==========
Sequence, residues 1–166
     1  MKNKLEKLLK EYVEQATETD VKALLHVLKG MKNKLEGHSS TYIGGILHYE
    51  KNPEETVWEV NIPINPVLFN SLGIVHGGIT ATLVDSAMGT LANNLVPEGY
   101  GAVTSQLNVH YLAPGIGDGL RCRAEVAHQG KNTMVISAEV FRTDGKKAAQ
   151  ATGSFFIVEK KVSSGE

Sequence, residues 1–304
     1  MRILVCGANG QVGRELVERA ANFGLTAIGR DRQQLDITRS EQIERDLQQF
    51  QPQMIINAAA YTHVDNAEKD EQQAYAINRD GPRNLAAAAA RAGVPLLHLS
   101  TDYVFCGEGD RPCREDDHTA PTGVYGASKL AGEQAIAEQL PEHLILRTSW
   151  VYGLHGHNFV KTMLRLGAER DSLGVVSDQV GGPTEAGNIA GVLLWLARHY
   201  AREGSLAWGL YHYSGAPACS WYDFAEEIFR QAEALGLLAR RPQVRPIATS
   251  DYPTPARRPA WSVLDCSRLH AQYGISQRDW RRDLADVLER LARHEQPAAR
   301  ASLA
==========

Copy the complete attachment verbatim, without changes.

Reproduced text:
Sequence, residues 1–166
     1  MKNKLEKLLK EYVEQATETD VKALLHVLKG MKNKLEGHSS TYIGGILHYE
    51  KNPEETVWEV NIPINPVLFN SLGIVHGGIT ATLVDSAMGT LANNLVPEGY
   101  GAVTSQLNVH YLAPGIGDGL RCRAEVAHQG KNTMVISAEV FRTDGKKAAQ
   151  ATGSFFIVEK KVSSGE

Sequence, residues 1–304
     1  MRILVCGANG QVGRELVERA ANFGLTAIGR DRQQLDITRS EQIERDLQQF
    51  QPQMIINAAA YTHVDNAEKD EQQAYAINRD GPRNLAAAAA RAGVPLLHLS
   101  TDYVFCGEGD RPCREDDHTA PTGVYGASKL AGEQAIAEQL PEHLILRTSW
   151  VYGLHGHNFV KTMLRLGAER DSLGVVSDQV GGPTEAGNIA GVLLWLARHY
   201  AREGSLAWGL YHYSGAPACS WYDFAEEIFR QAEALGLLAR RPQVRPIATS
   251  DYPTPARRPA WSVLDCSRLH AQYGISQRDW RRDLADVLER LARHEQPAAR
   301  ASLA